Speedrunner Reprograms a Super Mario Game to Beat Itself

Speedrunners have long been exploiting 8-bit games by “reprogramming” them. Pixel-perfect inputs can be used to trigger memory events, usually for the purpose of beating games in fractions of the time it would ordinarily take. A similar exploit exists in the classic Mario Game Boy game 6 Golden Coins, but it exists in a physical, semi-playable form. Welcome to glitch hell.

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By falling through the map in a particular stage, speedrunner Chris Grant is able to interact with the game’s memory and make it think it’s been beaten the next time he enters a new level. Apparently, 6 Golden Coins stored all the data for the cartridge underneath levels (where players were never intended to go) as blocks, pipes, and other broken but familiar in-game objects. Touching some of these objects causes a hard reset or renders the entire cartridge unusable. But one block in particular tells the software to load the end-game sequence, which in glitch speedruns, counts as beating the game.

There must be some reason why the 6 Golden Coins programmers found storing memory this way more efficient, but I’m not aware of other Mario games doing anything similar. The bonus is that tinkering around “inside” a game looks a lot like a bad early 90s plot device, a la hacking the gibson. Don’t go dusting off your old Game Boy though: the glitch only works on older versions of the cartridge.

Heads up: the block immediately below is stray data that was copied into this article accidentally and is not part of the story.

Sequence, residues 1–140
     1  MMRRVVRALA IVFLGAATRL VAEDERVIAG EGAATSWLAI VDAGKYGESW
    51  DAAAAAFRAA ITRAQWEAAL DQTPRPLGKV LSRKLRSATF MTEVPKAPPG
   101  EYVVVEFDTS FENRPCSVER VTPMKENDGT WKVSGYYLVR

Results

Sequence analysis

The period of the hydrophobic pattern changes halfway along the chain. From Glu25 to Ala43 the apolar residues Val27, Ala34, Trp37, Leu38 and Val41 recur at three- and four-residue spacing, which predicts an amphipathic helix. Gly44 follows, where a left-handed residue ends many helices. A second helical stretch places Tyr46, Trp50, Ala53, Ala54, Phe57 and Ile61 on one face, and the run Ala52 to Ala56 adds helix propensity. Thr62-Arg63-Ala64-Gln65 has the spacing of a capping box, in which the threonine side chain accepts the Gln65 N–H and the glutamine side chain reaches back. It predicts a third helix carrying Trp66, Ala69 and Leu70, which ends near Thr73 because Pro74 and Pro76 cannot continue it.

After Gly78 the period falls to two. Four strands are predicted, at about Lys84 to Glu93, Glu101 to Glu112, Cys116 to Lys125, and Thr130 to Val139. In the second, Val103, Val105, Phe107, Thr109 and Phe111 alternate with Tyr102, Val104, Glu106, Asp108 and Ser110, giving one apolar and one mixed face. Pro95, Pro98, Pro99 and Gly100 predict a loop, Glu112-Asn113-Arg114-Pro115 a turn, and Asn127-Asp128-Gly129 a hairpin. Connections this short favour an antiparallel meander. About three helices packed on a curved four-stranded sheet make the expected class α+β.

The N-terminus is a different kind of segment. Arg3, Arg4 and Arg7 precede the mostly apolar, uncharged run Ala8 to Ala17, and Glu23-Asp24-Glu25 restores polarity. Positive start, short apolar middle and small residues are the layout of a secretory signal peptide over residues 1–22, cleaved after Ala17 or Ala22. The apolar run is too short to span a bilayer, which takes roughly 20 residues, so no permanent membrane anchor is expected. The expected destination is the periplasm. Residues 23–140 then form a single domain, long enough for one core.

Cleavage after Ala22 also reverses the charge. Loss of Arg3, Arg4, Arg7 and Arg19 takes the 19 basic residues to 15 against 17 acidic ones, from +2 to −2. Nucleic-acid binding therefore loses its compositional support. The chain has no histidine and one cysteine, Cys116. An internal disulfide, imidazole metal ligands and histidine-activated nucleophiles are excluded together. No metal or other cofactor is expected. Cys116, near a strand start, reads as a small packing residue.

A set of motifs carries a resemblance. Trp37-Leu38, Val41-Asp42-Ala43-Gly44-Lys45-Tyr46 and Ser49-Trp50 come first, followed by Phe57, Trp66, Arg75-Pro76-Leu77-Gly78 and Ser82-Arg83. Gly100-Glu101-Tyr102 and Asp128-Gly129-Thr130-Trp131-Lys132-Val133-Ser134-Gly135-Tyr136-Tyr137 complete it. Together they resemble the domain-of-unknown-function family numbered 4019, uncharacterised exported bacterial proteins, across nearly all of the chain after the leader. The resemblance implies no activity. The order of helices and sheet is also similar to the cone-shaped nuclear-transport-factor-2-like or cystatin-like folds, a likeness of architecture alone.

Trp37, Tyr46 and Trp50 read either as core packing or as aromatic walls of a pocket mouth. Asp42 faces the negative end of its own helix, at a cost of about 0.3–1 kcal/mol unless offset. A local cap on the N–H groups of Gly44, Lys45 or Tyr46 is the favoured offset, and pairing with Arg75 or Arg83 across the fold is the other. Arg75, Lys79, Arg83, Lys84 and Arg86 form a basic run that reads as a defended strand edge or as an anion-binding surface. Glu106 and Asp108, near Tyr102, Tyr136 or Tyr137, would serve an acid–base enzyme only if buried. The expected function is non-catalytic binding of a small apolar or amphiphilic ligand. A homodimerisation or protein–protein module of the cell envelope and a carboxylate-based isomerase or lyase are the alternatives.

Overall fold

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DISCUSSION

turbolence1988
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There must be some reason why the 6 Golden Coins programmers found storing memory this way more efficient, but I’m not aware of other Mario games doing anything similar.

I don’t think the memory is so much “stored in the level” moreso than the level is rendered by pointing to a specific memory address and reading the data from the cart that corresponds to the level data. As Mario falls, it reads further and further into the space reserved for a level, and when it reaches the bottom (the end) of the level’s data it starts to read past that data block, loading the next items in memory (which is the game’s code and other environment variables) and spawning the broken hellscape of items that would otherwise correspond to level pieces.

[Disclaimer: I can’t YouTube at work, so if this is disproven in the video, carry on.]